Senators Poised to Compete in 2020-21 While Continuing to Rebuild

The Ottawa Senators are trying to pull off the perfect offseason while performing a delicate balancing act — and so far, so good.

Being in the midst of a total rebuild is a difficult position to be in, but if you navigate it correctly, you can build a sustainable competitive team. The Senators are at a critical juncture in their development that will determine whether their upward trajectory continues or stalls.

An extended period of losing can be detrimental to players and weigh heavily on the fanbase, management and ownership. But cashing in assets too early, before a team’s young players are ready to propel the team to contender status, can set a franchise back years and even start the rebuilding process over again.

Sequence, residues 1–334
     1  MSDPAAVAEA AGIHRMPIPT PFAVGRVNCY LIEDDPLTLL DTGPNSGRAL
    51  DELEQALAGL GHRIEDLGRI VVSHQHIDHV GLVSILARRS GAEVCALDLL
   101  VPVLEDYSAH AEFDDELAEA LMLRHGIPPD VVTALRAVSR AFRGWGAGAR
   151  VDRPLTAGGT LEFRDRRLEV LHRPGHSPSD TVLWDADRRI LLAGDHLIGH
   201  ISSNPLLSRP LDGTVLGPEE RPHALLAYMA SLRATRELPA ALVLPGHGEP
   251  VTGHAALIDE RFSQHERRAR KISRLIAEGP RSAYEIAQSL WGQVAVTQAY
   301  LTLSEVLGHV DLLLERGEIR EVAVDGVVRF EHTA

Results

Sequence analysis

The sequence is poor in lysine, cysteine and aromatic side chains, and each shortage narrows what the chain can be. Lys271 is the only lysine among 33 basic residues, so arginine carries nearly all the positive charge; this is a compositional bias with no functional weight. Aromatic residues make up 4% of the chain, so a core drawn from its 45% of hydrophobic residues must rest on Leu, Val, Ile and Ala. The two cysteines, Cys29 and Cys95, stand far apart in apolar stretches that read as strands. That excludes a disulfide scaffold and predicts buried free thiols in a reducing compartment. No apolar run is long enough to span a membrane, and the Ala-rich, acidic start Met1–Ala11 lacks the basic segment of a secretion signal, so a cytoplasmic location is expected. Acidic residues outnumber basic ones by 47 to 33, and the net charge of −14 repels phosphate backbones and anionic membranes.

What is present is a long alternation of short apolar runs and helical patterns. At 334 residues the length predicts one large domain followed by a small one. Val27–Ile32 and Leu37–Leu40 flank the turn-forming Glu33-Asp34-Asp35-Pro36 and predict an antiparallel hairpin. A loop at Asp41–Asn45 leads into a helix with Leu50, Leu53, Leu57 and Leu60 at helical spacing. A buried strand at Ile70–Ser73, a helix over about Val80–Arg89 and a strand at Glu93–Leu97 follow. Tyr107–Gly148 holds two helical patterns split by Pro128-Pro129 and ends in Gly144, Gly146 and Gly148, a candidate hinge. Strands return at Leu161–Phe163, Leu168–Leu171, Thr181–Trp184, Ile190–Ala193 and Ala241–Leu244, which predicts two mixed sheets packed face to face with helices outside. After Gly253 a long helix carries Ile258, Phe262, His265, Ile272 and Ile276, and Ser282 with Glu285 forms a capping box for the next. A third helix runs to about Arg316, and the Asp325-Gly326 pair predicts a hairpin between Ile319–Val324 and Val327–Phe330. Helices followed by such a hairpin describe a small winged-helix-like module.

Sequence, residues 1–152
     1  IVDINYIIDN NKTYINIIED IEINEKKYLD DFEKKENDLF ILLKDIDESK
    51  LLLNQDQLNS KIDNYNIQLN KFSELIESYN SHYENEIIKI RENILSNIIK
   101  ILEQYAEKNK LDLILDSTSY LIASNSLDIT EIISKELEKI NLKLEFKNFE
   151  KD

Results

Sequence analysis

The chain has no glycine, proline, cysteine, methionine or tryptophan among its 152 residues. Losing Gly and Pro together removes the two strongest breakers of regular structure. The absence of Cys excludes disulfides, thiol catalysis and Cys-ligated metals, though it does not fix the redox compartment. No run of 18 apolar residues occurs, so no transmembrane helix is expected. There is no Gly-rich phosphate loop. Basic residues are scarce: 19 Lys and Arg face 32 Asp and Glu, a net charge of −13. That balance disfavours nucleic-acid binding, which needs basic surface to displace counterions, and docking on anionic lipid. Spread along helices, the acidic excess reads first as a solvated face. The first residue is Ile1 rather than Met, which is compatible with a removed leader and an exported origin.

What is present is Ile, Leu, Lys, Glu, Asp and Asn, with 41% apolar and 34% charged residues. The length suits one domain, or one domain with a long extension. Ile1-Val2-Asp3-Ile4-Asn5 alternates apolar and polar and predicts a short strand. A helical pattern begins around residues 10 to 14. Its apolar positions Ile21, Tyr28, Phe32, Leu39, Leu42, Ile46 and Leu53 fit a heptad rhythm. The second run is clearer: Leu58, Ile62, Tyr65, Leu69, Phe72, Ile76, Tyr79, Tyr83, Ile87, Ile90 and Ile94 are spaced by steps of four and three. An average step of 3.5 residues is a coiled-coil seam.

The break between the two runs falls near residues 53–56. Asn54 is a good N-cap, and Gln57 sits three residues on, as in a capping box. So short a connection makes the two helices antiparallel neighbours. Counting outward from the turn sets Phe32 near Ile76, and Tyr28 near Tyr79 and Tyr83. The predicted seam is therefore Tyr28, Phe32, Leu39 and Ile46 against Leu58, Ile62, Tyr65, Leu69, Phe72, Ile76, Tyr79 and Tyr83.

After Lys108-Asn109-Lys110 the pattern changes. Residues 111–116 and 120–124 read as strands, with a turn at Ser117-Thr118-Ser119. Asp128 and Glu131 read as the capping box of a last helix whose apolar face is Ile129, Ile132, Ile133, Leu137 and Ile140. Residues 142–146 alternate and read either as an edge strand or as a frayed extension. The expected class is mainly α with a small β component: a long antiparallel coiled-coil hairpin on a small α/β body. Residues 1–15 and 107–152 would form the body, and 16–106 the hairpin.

Tim Stutzle of Adler Mannheim
The Senators are hoping Tim Stuetzle is ready to produce at the NHL level this season. (Adler Mannheim)

Ottawa has managed to thread the needle between competing now and improving for the future. Their recent moves have set them up for immediate improvement, with the ability to pivot back to a developmental focus if they’re not in playoff contention ahead of the trade deadline.

An Offseason of Aggression

While the World Junior Championships took center stage and most of us digested our goodies and slept off holiday celebrations, Senators general manager Pierre Dorion got to work.

In a three-day flurry of activity that kicked off on Boxing Day, Ottawa:

Pierre Dorion Ottawa Senators